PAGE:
Winnebago River

Water quality monitoring on the Winnebago River

This Winnebago River consists of a stream and lake system in southern Minnesota that flows into Iowa, meaning pollutants in the headwaters on the Minnesota side affect thousands of people downstream. The chain begins with Steward Creek in Freeborn County, which flows into Bear Lake. This lake outlets to the Winnebago River, also known as Lime Creek. Other streams, often used as drainage ditches, also outlet to the creek. The Winnebago River/Lime Creek flows in and out of State Line Lake, crossing into Iowa and eventually joining the Cedar River. This river is the drinking water source for Cedar Rapids, Iowa.

The Minnesota portion of the watershed encompasses 71 square miles, with the vast majority used for agriculture. The water resources here face several water quality challenges, including high nutrient and bacteria levels. The Freeborn County Soil and Water Conservation District (SWCD) is working with local landowners and farmers to implement practices that help cropping systems and water quality.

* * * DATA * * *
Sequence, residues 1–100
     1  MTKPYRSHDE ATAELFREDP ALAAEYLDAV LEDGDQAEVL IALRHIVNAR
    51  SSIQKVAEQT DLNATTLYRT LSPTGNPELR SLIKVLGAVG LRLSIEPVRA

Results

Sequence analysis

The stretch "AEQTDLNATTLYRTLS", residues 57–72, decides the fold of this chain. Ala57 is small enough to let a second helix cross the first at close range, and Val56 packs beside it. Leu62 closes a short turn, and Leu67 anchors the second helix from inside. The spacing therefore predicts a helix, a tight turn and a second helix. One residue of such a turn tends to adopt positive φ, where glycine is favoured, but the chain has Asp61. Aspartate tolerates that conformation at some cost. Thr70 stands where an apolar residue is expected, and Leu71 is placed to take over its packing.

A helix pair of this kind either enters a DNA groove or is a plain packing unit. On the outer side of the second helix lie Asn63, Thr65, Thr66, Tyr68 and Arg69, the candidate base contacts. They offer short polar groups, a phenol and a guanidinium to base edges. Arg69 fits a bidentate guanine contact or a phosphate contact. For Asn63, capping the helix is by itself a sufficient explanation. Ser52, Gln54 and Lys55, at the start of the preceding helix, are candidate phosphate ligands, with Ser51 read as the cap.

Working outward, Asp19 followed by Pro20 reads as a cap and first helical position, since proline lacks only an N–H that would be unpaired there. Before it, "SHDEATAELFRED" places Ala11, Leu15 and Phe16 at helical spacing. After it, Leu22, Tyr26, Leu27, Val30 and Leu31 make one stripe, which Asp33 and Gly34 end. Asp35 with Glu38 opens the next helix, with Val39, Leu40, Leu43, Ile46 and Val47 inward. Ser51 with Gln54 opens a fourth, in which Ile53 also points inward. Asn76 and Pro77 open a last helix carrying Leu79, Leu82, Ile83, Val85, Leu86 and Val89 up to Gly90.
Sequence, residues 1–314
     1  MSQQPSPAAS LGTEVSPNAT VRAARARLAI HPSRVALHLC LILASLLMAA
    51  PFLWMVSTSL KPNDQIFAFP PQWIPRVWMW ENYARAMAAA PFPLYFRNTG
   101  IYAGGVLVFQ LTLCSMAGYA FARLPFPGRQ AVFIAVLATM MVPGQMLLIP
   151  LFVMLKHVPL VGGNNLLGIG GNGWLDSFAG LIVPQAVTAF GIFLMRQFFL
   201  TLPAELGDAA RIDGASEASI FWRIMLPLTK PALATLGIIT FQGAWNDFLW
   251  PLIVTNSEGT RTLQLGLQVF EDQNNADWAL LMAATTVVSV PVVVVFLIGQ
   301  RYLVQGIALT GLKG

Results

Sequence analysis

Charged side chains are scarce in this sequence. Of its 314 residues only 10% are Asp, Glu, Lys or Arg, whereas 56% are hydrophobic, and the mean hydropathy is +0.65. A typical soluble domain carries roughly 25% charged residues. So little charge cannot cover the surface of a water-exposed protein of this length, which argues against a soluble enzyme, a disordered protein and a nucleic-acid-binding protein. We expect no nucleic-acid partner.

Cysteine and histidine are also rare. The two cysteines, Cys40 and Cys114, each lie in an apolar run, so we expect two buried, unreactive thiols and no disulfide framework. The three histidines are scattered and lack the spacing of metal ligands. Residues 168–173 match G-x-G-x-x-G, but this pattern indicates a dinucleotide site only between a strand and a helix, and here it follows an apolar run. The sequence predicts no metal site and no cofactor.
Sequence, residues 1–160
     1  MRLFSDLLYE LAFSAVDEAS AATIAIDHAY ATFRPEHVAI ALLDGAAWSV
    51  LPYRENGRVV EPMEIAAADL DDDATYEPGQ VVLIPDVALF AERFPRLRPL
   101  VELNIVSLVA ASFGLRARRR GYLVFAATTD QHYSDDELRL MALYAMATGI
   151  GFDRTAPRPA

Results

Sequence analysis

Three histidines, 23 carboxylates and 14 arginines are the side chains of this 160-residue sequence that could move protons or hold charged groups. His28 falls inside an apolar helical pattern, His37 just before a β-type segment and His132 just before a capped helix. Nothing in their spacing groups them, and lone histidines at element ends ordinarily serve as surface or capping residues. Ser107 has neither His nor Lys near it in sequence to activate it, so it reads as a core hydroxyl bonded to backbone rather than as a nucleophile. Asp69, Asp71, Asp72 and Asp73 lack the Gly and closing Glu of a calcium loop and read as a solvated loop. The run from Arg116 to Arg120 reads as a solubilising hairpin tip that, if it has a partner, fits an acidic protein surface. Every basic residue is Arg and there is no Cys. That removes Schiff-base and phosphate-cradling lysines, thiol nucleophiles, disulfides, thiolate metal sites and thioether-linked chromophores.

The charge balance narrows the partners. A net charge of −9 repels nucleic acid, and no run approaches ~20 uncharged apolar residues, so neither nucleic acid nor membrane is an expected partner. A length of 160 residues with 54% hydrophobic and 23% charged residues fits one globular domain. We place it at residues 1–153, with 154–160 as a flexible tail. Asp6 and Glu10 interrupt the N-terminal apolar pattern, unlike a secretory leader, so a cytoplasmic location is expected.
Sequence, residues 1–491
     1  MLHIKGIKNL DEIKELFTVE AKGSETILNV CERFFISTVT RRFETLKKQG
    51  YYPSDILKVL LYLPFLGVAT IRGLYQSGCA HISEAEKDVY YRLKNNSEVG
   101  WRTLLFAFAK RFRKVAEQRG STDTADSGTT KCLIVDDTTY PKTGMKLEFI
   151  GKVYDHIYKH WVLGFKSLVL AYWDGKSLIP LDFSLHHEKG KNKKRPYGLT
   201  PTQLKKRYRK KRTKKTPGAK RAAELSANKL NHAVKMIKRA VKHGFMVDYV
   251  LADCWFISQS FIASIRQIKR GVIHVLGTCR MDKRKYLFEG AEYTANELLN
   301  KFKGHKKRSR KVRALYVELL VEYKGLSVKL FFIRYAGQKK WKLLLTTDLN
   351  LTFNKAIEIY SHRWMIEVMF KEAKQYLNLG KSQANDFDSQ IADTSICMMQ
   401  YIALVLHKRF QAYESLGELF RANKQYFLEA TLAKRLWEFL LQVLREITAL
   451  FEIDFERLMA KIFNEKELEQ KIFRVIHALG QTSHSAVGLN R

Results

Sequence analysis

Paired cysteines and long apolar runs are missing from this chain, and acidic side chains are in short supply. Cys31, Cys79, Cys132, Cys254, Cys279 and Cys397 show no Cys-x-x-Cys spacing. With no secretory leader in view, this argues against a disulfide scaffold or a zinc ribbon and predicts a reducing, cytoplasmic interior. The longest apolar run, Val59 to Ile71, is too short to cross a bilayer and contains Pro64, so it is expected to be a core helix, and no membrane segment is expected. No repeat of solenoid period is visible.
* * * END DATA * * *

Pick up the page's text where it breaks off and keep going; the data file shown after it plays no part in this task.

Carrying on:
What's being done

Monitoring and assessment

Monitoring activities in the Winnebago watershed increased in rigor and intensity during 2015, focused on biological monitoring (fish and macroinvertebrates) as a means of assessing stream health. The MPCA will use the monitoring data to determine the health of streams and lakes in this watershed.

Strategy development

MPCA watershed project manager: Emily Zanon, 507-206-2613 or emily.zanon@state.mn.us.